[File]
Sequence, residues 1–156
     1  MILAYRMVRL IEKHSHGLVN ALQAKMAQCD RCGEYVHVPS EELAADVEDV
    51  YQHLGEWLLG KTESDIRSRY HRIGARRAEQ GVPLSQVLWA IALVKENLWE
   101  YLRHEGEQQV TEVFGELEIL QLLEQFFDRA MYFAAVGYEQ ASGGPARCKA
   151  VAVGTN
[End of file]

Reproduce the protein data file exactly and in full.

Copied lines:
Sequence, residues 1–156
     1  MILAYRMVRL IEKHSHGLVN ALQAKMAQCD RCGEYVHVPS EELAADVEDV
    51  YQHLGEWLLG KTESDIRSRY HRIGARRAEQ GVPLSQVLWA IALVKENLWE
   101  YLRHEGEQQV TEVFGELEIL QLLEQFFDRA MYFAAVGYEQ ASGGPARCKA
   151  VAVGTN